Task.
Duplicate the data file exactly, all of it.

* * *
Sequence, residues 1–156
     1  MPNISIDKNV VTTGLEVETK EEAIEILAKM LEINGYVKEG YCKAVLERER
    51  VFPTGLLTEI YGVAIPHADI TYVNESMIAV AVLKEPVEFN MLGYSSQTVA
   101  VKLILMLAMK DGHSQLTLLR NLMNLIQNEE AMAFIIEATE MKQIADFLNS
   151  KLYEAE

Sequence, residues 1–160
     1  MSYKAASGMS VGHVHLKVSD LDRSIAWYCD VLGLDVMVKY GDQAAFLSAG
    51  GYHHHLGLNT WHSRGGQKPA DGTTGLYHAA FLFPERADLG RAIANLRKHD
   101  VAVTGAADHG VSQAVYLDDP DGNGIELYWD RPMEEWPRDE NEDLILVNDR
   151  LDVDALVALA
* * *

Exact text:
Sequence, residues 1–156
     1  MPNISIDKNV VTTGLEVETK EEAIEILAKM LEINGYVKEG YCKAVLERER
    51  VFPTGLLTEI YGVAIPHADI TYVNESMIAV AVLKEPVEFN MLGYSSQTVA
   101  VKLILMLAMK DGHSQLTLLR NLMNLIQNEE AMAFIIEATE MKQIADFLNS
   151  KLYEAE

Sequence, residues 1–160
     1  MSYKAASGMS VGHVHLKVSD LDRSIAWYCD VLGLDVMVKY GDQAAFLSAG
    51  GYHHHLGLNT WHSRGGQKPA DGTTGLYHAA FLFPERADLG RAIANLRKHD
   101  VAVTGAADHG VSQAVYLDDP DGNGIELYWD RPMEEWPRDE NEDLILVNDR
   151  LDVDALVALA